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Internet “Trolls” Arrested After
Hacking AT&T’s Servers
January 20, 2011 -
Two self-described Internet “trolls” were arrested on Tuesday for
allegedly hacking AT&T’s servers and stealing e-mail addresses and other
personal information belonging to approximately 120,000 Apple iPad users
who accessed the Internet via AT&T’s 3G network, United States Attorney
Paul J. Fishman announced.
The iPad is a
touch-screen tablet computer, developed and marketed by Apple Computers,
Inc., which allows users to, among other things, access the Internet and
send and receive electronic mail. Since the introduction of the iPad in
January 2010, AT&T has provided iPad users with Internet connectivity
via AT&T’s 3G wireless network. During the registration process for
subscribing to the network, a user is required to provide an e-mail
address, billing address, and password.
Prior to mid-June
2010, AT&T automatically linked an iPad 3G user’s e-mail address to the
Integrated Circuit Card Identifier (“ICC-ID”), a number unique to the
user’s iPad, when he registered. As a result, every time a user accessed
the AT&T website, his ICC-ID was recognized and his e-mail address was
automatically populated for faster, user-friendly access to the site.
AT&T kept the ICC-IDs and associated e-mail addresses confidential.
At that time, when
an iPad 3G communicated with AT&T’s website, its ICC-ID was
automatically displayed in the Universal Resource Locator, or “URL,” of
the AT&T website in plain text. Seeing this, and discovering that each
ICC-ID was connected to an iPad 3G user e-mail address, hackers wrote a
script termed the “iPad 3G Account Slurper”and deployed it against
The Account Slurper attacked AT&T’s servers for several days in early June 2010, and was designed to harvest as many ICC-ID/e-mail address pairings as possible. It worked by mimicking the behavior of an iPad 3G so that AT&T’s servers would be fooled into granting the Account Slurper access.
Once deployed, the
Account Slurper used a process known as a “brute force” attack—an
iterative process used to obtain information from a computer
system—against the servers, randomly guessing at ranges of ICC-IDs. An
incorrect guess was met with no additional information, while a correct
guess was rewarded with an ICC-ID/e-mail pairing for a specific,
identifiable iPad 3G user.
From June 5 through June 9, 2010, the Account Slurper stole for its hacker-authors approximately 120,000 ICC-ID/e-mail address pairings for iPad 3G customers. Immediately following the theft, the hacker-authors of the Account Slurper provided the stolen e-mail addresses and ICC-IDs to the website Gawker, which published the stolen information in redacted form, along with an article concerning the breach.
indicated that the breach “exposed the most exclusive e-mail list on the
planet,”and named a number of famous individuals whose e-mails had been
compromised, including Diane Sawyer, Harvey Weinstein, Mayor Michael
Bloomberg, and Rahm Emanuel. The article also stated that iPad users
could be vulnerable to spam marketing and malicious hacking. A group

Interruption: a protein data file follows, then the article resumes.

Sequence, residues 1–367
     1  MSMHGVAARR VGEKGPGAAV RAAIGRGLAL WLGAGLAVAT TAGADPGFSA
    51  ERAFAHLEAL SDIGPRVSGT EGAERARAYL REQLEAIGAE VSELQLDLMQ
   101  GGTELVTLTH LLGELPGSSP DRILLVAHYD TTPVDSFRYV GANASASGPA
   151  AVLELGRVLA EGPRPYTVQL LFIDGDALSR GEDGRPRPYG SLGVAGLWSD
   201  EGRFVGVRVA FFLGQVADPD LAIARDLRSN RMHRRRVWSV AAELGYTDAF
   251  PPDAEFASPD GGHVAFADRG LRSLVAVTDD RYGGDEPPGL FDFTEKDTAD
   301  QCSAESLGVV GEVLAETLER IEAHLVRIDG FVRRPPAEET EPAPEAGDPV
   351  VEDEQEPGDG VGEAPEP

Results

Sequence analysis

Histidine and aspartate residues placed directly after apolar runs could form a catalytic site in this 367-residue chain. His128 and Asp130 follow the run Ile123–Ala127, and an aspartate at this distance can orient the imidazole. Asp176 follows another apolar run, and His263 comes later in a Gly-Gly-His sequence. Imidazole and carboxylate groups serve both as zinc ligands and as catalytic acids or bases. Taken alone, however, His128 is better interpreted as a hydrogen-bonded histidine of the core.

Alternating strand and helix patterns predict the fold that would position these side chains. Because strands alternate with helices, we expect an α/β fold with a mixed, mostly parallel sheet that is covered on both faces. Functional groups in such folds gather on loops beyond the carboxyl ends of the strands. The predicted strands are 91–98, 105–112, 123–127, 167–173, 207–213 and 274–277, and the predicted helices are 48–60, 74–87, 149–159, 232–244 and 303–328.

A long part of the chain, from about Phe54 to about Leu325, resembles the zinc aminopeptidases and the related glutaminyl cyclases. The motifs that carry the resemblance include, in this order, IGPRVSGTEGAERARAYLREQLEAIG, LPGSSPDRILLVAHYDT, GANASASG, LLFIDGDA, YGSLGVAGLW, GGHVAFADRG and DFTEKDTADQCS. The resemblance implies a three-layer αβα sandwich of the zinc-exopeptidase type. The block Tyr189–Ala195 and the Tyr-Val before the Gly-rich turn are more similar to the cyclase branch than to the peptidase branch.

calling itself “Goatse Security” was identified as obtaining the
According to its
website, Goatse Security is a loose association of Internet hackers and
self-professed Internet “trolls”—people who intentionally, and without
authorization, disrupt services and content on the Internet—to which
both Spitler and Auernheimer belong.
During the data
breach, Spitler and Auernheimer communicated with one another using
Internet Relay Chat, an Internet instant messaging program. Those chats
not only demonstrate that Spitler and Auernheimer were responsible for
the data breach, but also that they conducted the breach to
simultaneously damage AT&T and promote themselves and Goatse Security.
As the data breach continued, so too did the discussions between Spitler, Auernheimer, and other Goatse Security members about the best way to take advantage of the breach and associated theft. On June 10, 2010, immediately after going public with the breach, Spitler and Auernheimer discussed destroying evidence of their crime.
Fishman stated: “Hacking is not a competitive sport, and security
breaches are not a game. Companies that are hacked can suffer
significant losses, and their customers made vulnerable to other crimes,
privacy violations, and unwanted contact. Computer intrusions and the
spread of malicious code are a threat to national security, corporate
security, and personal security. Those who use technological expertise
for malicious purposes take note: your activities in cyberspace can have
serious consequences for you in the real world.”
principle of our society is confidence in a reasonable expectation of
personal privacy, which includes expectations of financial privacy,
medical privacy, and privacy in our communications,” said Michael B.
Ward, Special Agent in Charge of the FBI’s Newark field office.
Each defendant is charged with one count of conspiracy to access a computer without authorization and one count of fraud in connection with personal information. Each count with which the defendants are charged carries a maximum potential penalty of five years in prison and a fine of $250,000.
Fishman credited special agents of the FBI, under the direction of
Special Agent in Charge Michael B. Ward in
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